What’s in a language? Apparently a lot if you are intending to be a truly global company.
Imagine you are a Japanese employee of a large, international Japanese company, working in Japan. One morning your CEO announces that in order to be globally successful, the new corporate language, as of tomorrow, is English – and English only.
Imagine coming into work the next day to find all the elevator directories in English, the cafeteria menu in English – everything English. All communications (meetings, casual conversations, emails, trainings, presentations, and so on) were to be conducted entirely in English.
This mandate by Hiroshi Mikitani, CEO of the high-tech giant Rakuten, in March of 2010, fundamentally changed the company, and perhaps the ground rules for global companies, forever.
This was a shock to the system to be sure. But with the goal of all employees scoring at least 650 out of 990 points on the TOEIC (Test of English for International Communication) in just over five years, Rakuten has exceeded the goal, going from having only one in ten Japanese employees functional in English to having an average score of over 800!
Mikutani called it Englishnization – for “one language, one team.” His philosophy is that this frees the company to hire the best and the brightest from all over the world rather than from a small Japanese pool (81% of engineers in Tokyo come from outside Japan) and that the enterprise also greatly benefits from the diverse ideas this pool provides. Indeed, it has become not just a forward-thinking company, but an agile, versatile, outward-looking entity. Any employee can call anyone anywhere and know that they will communicate in a common language which speeds up all international communications and activities.
Why English when it does not have the largest (or even second largest) population of native speakers? Because with 1.5 billion learners it is, by far, the most commonly studied foreign language in the world.
But this is NOT the most interesting part of the story. Tsedal Neeley, an associate professor at Harvard Business School and author of The Language of Global Success, gives us an in-depth look at what Englishnization has meant for Rakuten. From her 650 employee interviews, 3,000 employee surveys, and research of more than 20,000 pages of Rakuten corporate data, she has discovered that the employees are united not only by a common language, but as a consequence of this, they are united by a common experience: as being “expats,” either linguistic or cultural.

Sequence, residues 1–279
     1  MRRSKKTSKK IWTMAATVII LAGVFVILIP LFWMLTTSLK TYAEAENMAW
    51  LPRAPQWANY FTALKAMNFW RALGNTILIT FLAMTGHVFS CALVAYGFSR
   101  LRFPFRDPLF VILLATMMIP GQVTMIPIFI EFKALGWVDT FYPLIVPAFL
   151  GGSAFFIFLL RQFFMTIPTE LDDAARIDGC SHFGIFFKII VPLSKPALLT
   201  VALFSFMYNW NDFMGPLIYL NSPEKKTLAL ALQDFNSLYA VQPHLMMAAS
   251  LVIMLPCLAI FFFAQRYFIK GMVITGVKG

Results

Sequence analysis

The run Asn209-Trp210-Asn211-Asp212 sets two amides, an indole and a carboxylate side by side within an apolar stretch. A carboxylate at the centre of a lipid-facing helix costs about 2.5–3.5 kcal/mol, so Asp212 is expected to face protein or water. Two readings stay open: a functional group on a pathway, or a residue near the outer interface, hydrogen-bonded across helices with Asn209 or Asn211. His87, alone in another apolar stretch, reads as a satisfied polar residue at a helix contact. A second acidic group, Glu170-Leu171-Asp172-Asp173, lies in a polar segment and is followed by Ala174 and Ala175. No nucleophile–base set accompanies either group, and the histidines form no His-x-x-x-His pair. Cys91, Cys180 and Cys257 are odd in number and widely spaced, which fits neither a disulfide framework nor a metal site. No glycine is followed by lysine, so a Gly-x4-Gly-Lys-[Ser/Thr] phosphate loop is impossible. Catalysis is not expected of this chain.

She describes the three groups this way:
• Linguistic expats: Japanese who have to give up their native language in the workplace
• Cultural expats: native English speakers who now have a new, transparent, foreign corporate culture
• Linguistic-cultural expats: those who are neither native English speakers nor from the company’s home culture (Japan)
And who had the easiest time of it? The linguistic-cultural expats, who were ready to adapt.
And the toughest time? The cultural expats who struggle with the company’s corporate values now that, without the language barrier, they are more easily communicated.
Neely shows how future success will be based on having a common language, a global outlook, and a desire to collaborate across linguistic and cultural borders. After all, future success will most certainly be based on a knowledge economy.
“Englishnization is critical—not important, but critical. Japanese global companies are all product-driven like Toyota, Panasonic, and Sony, but the industry is changing: you cannot just export the hardware and make money anymore. You need to develop a global organization or your company will be dead in 10 years.” - Hiroshi Mikitani, CEO of high-tech giant Rakuten.
Friends at Toyota, Panasonic and Sony: What do you say?